Journal of Immigrant and Minority Health

, Volume 20, Issue 5, pp 1075–1084 | Cite as

Acceptability of Friday Sermons as a Modality for Health Promotion and Education

  • Aasim I. PadelaEmail author
  • Sana Malik
  • Nadia Ahmed
Original Paper


Our objective was to assess the acceptability and feasibility of using sermons for health promotion in American Muslim mosque communities by deploying a tailored sermon in two mosque communities. With input from a community advisory board and resident imams, sermons communicated four health-related themes: (i) good health is a grant from Allah, (ii) one’s body is trust and must be cared for, (iii) trusting in God’s plan does not preclude taking actions to care for oneself, and (iv) community members are caretakers of one another. Self-administered, post-sermon questionnaires asked attendees about the acceptability of the sermon and the sermon-giver, and to identify survey themes. Data analyses involved descriptive statistics and regression modeling to assess variance in acceptability across race/ethnicity and gender. Of the 235 respondents, the majority found the sermon content acceptable and desired to hear health-based sermons more often (72 and 67% respectively). There were no significant differences in acceptability of sermon or sermon-giver by gender or race/ethnicity. Our study demonstrates that theologically-framed health messaging is acceptable within sermons in American Muslim mosque communities. This study underscores the potential utility of mosque sermons for health education programs and for health behavior interventions in American mosques.


Religion and health Health promotion Health education Community intervention Sermons Community-based participatory research 



We are grateful to the research team in implementing the study: Shaheen Nageeb, Hadiyah Muhammad, Milkie Vu, Akila Ally, and Ahamed Milhan. We also thank Drs. Michael Quinn and Monica Peek in for their mentorship in study design, grant writing, and project implementation, and Sang Lee for conducting statistical analyses. Finally, we are immensely grateful for the critical support and advice of our community advisory board, imams, and mosque staff without which the project could not have been accomplished: Fatema Mirza, Nancy Romanchek, Shehla Diba, Anam Eljabali, MahRukh Mian, Kifah Shukair, Masood Iqbal, Luma Mahairi, Lynn Salahi, Beenish Manzoor, Ayesha Sultana, Shaykh Kifah Mustapha, Mufti Nazim Mangera, Kamran Hussain, Amanat Ansari, Ali Tai, Lila Zegar, Rula Zegar, Aisha Rahima, Badie Ali, and Elham Atieh.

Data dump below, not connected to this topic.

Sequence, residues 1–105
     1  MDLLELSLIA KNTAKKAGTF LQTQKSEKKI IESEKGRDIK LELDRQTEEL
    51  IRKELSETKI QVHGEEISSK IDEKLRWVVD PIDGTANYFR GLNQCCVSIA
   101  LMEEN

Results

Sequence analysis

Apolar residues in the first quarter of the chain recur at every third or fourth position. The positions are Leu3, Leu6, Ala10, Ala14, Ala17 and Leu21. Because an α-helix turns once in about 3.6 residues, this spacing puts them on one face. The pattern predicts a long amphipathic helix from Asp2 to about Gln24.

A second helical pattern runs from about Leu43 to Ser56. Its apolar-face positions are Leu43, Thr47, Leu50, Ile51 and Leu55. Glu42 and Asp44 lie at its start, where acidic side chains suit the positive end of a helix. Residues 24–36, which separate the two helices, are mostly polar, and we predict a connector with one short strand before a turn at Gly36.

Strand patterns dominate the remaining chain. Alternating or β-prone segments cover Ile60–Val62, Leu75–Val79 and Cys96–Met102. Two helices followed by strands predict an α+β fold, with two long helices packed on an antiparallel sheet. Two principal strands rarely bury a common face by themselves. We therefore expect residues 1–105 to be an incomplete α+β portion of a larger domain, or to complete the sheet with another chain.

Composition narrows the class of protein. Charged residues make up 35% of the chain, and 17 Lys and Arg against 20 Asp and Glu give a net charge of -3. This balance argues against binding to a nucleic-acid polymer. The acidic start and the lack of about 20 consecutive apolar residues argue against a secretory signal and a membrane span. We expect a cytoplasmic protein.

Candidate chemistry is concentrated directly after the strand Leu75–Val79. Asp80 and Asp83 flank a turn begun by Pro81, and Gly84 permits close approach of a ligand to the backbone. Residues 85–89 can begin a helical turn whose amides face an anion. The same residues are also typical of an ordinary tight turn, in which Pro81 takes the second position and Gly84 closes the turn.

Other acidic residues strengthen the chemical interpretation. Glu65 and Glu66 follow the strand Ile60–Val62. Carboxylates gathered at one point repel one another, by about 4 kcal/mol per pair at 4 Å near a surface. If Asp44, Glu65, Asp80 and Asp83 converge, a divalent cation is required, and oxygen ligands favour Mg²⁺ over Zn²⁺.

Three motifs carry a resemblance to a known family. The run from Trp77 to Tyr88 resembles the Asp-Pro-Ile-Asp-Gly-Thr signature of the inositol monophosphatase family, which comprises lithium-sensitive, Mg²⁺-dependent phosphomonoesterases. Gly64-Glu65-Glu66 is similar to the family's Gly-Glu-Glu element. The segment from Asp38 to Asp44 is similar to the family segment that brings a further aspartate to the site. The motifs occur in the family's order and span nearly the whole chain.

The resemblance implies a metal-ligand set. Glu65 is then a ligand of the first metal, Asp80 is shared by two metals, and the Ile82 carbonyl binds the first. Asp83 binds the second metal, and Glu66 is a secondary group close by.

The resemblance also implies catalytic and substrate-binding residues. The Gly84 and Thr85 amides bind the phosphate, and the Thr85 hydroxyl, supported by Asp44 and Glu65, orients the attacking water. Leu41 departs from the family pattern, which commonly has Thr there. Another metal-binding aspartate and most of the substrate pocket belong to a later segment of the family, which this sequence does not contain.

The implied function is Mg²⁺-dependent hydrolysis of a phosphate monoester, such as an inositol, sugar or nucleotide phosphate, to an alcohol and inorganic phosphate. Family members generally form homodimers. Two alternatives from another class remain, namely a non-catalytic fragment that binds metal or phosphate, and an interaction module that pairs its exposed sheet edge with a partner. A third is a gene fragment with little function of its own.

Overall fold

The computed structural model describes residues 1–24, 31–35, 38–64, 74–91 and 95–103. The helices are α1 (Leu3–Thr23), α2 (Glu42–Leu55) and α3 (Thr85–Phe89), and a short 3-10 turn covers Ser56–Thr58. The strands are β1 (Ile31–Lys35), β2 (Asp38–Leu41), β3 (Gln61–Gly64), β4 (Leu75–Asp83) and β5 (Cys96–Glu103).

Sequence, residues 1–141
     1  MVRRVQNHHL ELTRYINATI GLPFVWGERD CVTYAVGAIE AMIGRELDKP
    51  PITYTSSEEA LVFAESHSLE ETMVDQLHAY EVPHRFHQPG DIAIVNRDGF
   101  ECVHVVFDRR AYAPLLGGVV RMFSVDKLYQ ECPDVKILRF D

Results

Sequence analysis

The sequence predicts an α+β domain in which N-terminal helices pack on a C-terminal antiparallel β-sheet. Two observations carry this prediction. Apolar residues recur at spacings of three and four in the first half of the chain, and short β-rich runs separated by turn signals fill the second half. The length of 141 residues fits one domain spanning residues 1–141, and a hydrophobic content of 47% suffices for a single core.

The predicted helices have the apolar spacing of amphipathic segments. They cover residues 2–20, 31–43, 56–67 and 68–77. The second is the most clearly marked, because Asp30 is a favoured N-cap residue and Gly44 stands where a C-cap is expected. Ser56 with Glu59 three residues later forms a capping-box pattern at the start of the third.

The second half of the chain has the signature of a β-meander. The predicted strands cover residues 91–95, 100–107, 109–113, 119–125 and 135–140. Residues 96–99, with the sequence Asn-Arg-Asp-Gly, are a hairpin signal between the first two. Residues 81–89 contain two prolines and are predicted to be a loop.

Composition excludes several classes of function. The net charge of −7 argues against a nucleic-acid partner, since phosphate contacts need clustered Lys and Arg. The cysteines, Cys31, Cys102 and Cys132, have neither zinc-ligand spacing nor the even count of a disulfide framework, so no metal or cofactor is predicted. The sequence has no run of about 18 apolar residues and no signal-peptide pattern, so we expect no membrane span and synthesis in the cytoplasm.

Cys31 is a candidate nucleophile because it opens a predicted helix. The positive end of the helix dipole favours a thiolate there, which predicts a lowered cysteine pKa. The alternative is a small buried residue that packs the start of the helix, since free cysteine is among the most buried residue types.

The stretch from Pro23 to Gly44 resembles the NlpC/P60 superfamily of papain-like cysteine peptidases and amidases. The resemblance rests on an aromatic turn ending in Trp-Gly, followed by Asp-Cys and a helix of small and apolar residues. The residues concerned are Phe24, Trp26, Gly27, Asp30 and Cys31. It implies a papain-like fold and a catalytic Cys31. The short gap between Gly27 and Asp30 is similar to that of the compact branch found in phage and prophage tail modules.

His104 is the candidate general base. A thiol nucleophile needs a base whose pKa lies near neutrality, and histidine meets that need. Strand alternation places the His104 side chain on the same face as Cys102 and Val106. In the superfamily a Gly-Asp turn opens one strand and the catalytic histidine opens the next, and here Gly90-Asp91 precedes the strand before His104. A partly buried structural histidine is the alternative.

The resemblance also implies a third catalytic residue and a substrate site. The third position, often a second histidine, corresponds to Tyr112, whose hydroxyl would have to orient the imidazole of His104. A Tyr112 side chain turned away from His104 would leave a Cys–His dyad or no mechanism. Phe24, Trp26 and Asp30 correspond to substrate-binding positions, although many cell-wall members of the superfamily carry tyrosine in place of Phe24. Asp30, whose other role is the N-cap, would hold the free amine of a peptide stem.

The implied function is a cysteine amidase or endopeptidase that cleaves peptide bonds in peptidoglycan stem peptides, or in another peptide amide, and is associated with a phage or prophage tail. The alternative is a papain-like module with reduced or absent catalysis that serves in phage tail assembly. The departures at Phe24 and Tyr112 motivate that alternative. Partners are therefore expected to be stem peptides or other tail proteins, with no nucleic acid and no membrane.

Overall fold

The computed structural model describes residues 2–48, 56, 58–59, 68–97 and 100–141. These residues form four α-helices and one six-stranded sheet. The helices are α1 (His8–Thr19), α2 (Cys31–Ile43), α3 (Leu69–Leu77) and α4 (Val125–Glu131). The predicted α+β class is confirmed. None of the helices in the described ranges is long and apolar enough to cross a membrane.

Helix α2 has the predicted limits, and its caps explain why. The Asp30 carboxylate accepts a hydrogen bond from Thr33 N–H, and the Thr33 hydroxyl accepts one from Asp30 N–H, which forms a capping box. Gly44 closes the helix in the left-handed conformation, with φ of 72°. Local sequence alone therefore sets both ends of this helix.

This work was supported by the Mentored Research Scholar Grant in Applied and Clinical Research (grant number MRSG-14-032-01-CPPB) from the American Cancer Society supported AIP’s time-effort and provided project funds including those supporting SM and NA.

Conflict of interest

The authors have no conflict of interest to declare.


  1. 1.
    Ba-Yunus I. Muslims of Illinois, a demographic report. Chicago: East-West University; 1997. p. 9.Google Scholar
  2. 2.
    Muslims American Demographic Facts. [cited 2010 January 19];
  3. 3.
    Smith T. The Muslim population of the United States: the methodology of estimates. Public Opin Q. 2002;66:404–17.CrossRefGoogle Scholar
  4. 4.
    Muslim Americans. A national portrait—an in-depth analysis of America’s most diverse religious community. The Muslim West Facts Project; 2009.Google Scholar
  5. 5.
    Padela A, Curlin F. Religion and disparities: considering the influences of islam on the health of American Muslims. J Relig Health. 2012;52:1333–45.Google Scholar
  6. 6.
    Shah S, et al. Arab American immigrants in New York: health care and cancer knowledge, attitudes, and beliefs. J Immigr Minor Health. 2008;10(5):429–36.CrossRefPubMedGoogle Scholar
  7. 7.
    Sachedina AA. Islamic biomedical ethics: principles and application. Oxford: Oxford University Press; 2009.CrossRefGoogle Scholar
  8. 8.
    Shahawy S, Deshpande N, Nour N. Cross-cultural obstetric and gynecologic care of Muslim patients. Obstet Gynecol. 2015;126(5):969–73.CrossRefPubMedGoogle Scholar
  9. 9.
    Winett RA, et al. Church-based health behavior programs: using social cognitive theory to formulate interventions for at-risk populations. Appl Prev Psychol. 1999;8(2):129–42.CrossRefGoogle Scholar